Many copies of treaties concluded between European sovereigns and the Mamluk sultans are preserved in European archival centers, particularly in Venice, Genoa, Florence, Barcelona and Ragusa. They facilitate studying the relations that existed between the Mamluk authorities and the Europeans settled in Egypt and Syria from the thirteenth century until the end of the fifteenth century. Arabic was the language of the original texts issued by the chancellery of the sultans, which were then translated to provide a copy for the European envoys. The texts of the treaties concluded between the Mamluk sultans and the Italian rulers were not quoted in the chronicles and the books of the Mamluk period chancellery. The authors of these manuscripts did not refer to the translation of the texts written in Arabic into Latin and Italian or state who the translators of these texts were. They gave no information about translator practices of the time or the criteria and norms adopted in translating treaties and correspondence between the sultans and the Italian rulers. Hence the importance of the translated texts preserved in the Italian archives, which are sources providing very plentiful material and important information about writing style, the translation method adopted, vocabulary and orthographic variants, the chancellery language adopted in diplomacy with Europe and its progress from the thirteenth century till the fifteenth century.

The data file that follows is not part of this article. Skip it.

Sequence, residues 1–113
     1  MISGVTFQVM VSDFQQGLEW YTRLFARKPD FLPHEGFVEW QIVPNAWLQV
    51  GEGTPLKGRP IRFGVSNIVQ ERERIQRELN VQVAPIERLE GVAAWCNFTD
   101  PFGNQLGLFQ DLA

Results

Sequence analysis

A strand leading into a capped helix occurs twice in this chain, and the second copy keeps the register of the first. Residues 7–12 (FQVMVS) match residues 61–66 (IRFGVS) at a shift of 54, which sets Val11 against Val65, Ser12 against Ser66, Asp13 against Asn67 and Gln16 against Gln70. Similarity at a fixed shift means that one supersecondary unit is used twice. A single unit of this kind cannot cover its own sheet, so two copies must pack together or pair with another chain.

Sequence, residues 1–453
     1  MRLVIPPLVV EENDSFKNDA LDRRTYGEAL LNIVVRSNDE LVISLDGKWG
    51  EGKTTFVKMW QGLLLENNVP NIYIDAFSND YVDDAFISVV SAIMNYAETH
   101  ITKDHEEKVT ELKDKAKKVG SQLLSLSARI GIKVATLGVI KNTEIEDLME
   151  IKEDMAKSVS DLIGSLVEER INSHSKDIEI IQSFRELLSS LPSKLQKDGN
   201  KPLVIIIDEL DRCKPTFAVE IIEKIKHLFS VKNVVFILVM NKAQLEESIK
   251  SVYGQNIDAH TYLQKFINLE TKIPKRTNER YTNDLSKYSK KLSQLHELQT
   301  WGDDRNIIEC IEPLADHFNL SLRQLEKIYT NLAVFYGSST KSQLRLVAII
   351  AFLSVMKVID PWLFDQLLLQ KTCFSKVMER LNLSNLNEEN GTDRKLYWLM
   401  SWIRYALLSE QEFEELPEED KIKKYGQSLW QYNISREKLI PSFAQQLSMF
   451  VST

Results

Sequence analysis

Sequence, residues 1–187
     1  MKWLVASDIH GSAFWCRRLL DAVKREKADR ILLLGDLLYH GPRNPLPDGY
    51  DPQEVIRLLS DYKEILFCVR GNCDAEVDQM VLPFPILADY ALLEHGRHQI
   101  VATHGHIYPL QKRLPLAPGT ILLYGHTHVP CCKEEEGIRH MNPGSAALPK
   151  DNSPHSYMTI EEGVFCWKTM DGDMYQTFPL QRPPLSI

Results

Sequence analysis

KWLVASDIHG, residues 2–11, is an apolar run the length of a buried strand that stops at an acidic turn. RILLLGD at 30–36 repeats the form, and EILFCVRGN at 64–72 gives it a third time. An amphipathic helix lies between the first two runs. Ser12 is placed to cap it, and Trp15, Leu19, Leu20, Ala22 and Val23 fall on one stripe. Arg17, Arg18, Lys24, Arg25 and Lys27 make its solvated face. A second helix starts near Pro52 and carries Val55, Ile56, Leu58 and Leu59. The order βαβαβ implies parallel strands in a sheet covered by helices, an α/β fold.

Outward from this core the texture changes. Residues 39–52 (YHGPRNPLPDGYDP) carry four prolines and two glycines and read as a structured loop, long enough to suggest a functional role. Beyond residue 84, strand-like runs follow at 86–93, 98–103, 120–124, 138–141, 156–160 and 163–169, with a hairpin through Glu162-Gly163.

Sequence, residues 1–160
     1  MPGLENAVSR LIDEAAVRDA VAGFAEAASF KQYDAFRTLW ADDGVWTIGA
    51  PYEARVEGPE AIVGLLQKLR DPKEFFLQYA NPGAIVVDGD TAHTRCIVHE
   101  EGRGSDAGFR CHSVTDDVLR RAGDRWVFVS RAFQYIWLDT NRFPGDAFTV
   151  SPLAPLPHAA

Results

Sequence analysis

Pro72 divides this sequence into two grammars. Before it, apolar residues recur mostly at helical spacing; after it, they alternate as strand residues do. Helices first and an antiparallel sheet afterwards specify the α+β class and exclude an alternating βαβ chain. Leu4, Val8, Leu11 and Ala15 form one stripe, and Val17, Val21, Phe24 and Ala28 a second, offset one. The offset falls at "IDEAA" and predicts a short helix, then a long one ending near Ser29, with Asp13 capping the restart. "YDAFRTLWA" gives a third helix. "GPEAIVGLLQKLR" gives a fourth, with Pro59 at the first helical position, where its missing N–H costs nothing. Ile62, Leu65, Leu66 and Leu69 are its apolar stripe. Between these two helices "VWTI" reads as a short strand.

The article aims to study and analyze the influence of Arabic on Italian diplomacy in an attempt to answer the following questions: Why were Arabic words used in Italian and Latin translations? To what extent was the translation accurate? And was the linguistic influence monodirectional or mutual